If the scope of the learning situation warrants building a digital asset, we are happy to prototype and iteratively improve upon feedback from educators. Some solutions, like putting together a digital tour to serve as an orientation exercise or assessment, are easy to develop and may only take a few hours. Other solutions like an AI-driven chatbot or a VR app require more resources, so the context has to justify the effort.
We also like to co-create the experiences with undergraduate and graduate students whenever we can. If the new learning experience is successful, we work with students and educators to refine how best to integrate them into curriculum design and lesson plans.
Make technology transparent and accessible
We see our role in demystifying technology-enhanced learning experiences and empowering educators to create their own. We like to work within a research framework and are constantly trying to define exactly what measurable results we expect. We find that new technologies can provide scalable complex experiences that are difficult or impossible to routinely replicate for every student in the class, such as .
Code Black Training on De-escalating Violence in the Emergency Department
Photo: courtesy of the University of Sydney
With assignments such as curating a medical exhibit in a 3D digital museum, students actively engage in object-based learning pedagogy and must demonstrate a coherent “narrative” through time and space. Your assignments are viewable on a flat screen, but can also be experienced in VR, meaning students and their educators (and their parents and future employers) can walk around in their assignments. Acquiring practical skills in a new digital platform, a valuable skill in the workplace, occurs as a by-product of the job. We believe this task creates more indelible, more retrievable memories and we are exploring that.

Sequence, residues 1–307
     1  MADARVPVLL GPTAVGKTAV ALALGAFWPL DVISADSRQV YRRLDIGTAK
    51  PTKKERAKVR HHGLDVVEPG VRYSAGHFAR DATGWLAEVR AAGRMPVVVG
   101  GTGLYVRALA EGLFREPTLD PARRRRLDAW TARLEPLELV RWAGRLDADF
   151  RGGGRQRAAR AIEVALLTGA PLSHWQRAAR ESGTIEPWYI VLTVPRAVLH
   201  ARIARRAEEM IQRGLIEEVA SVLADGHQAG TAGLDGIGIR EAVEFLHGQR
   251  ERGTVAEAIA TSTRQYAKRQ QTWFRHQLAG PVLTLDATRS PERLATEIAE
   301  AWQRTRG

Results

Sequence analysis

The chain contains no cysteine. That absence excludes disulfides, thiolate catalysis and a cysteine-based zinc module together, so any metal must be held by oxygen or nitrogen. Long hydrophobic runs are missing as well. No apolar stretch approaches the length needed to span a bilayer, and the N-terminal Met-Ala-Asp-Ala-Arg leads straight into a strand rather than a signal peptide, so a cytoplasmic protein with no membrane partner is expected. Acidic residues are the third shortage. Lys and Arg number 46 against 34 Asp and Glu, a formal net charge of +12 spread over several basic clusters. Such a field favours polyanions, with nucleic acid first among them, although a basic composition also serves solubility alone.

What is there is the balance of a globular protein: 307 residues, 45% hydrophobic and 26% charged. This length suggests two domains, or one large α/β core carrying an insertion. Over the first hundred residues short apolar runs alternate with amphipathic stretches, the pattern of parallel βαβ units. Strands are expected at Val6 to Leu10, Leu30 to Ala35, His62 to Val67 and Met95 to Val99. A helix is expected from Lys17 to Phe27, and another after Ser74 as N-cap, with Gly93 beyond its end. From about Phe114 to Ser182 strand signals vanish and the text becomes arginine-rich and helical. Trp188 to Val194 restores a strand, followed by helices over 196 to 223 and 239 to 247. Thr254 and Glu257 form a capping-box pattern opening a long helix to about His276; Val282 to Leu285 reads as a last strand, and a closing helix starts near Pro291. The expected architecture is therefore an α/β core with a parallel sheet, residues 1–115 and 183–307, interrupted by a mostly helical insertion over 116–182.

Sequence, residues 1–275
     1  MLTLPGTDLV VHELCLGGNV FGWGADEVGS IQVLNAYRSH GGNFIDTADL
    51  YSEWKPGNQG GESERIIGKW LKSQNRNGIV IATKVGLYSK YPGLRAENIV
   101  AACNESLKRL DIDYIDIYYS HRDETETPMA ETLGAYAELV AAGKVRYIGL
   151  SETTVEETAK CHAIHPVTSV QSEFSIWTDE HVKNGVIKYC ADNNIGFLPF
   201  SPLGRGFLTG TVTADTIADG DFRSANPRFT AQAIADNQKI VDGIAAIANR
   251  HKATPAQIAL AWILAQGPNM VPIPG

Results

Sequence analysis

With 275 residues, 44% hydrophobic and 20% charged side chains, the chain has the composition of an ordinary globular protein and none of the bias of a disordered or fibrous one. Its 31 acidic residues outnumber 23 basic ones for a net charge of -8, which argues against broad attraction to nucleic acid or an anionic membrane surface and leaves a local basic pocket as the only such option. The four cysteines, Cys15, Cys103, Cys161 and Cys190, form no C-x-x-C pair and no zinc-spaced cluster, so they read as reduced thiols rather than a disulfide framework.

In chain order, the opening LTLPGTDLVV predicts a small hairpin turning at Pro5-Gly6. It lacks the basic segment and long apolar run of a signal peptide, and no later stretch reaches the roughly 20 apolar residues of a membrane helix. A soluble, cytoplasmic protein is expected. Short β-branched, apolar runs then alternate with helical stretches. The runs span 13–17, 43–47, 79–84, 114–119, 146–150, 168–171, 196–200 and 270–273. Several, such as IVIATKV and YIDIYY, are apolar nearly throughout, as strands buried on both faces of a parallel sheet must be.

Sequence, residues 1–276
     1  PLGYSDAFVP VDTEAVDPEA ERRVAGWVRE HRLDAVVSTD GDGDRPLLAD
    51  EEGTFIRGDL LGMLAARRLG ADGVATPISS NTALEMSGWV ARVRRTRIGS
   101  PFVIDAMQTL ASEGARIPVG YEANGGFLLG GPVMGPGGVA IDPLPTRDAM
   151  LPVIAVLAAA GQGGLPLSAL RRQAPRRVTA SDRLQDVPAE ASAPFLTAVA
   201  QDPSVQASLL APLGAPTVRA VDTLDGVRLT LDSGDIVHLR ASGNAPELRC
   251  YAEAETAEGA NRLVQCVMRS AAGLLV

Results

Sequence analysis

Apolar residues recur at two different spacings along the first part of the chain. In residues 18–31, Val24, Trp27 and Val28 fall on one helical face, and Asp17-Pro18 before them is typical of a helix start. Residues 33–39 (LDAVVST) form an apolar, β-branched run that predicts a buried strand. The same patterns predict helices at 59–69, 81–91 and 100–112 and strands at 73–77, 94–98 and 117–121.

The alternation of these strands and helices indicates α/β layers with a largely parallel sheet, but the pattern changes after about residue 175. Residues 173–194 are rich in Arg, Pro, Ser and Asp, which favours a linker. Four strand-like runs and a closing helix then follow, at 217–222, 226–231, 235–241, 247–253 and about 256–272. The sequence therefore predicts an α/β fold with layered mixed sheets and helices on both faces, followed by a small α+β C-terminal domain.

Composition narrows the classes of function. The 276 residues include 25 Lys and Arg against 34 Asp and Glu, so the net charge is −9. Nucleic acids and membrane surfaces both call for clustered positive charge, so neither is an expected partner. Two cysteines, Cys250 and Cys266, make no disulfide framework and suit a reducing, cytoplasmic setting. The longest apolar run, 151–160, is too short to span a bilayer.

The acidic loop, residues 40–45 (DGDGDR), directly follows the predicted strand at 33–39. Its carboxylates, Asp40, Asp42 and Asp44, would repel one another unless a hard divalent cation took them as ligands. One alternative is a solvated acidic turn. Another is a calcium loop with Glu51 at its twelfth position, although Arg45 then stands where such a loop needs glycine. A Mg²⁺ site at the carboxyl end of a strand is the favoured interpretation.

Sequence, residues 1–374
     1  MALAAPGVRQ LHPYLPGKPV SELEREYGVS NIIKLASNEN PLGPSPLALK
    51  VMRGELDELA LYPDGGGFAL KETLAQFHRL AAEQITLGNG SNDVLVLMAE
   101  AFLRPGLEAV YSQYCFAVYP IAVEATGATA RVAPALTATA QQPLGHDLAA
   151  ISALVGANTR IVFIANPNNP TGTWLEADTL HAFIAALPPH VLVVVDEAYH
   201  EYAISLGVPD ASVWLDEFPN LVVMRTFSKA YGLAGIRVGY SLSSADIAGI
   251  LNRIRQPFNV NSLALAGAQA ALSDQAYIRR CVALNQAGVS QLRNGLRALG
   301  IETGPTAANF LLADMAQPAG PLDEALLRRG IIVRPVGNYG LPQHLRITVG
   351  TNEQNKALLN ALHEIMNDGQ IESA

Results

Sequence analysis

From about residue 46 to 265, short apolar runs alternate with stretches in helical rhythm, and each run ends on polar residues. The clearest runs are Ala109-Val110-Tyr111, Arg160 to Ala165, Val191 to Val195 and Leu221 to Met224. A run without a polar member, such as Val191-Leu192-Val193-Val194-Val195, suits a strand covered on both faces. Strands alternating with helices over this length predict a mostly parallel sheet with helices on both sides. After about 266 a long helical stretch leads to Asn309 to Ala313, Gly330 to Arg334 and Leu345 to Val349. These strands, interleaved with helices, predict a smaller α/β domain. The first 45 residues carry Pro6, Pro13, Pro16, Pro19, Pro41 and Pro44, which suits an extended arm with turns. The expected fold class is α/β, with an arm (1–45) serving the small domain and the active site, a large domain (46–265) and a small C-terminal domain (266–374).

How to collaborate with educators to develop technical solutions
We propose this approach:
Find out about new technologies. Buy some and make some things. Let your colleagues know you’re looking for use cases. Capture the opportunity: current practice, learning outcomes, scope. Create a prototype and test it with colleagues and students. Make and test iterative improvements. Don’t be afraid to try: it’s just technology.
The FMH Media Lab thus acts as a resource for educators, making new technology-enhanced learning experiences available in the classroom in a way that integrates with and supports current practice and provides more experiential learning experiences.
Martin Brown is Co-Director of the School of Medicine and Health Media Lab; Phil Poronnik is Director of Educational Innovation in the Educational Innovation Research Unit at the School of Medical Sciences; Claudio Corvalan-Diaz is a technical officer in the research area Educational Innovation at the School of Medical Science; and William Havellas is the Technical and Virtual Assets Officer in Educational Innovation Research at the School of Medical Science. All are at the University of Sydney.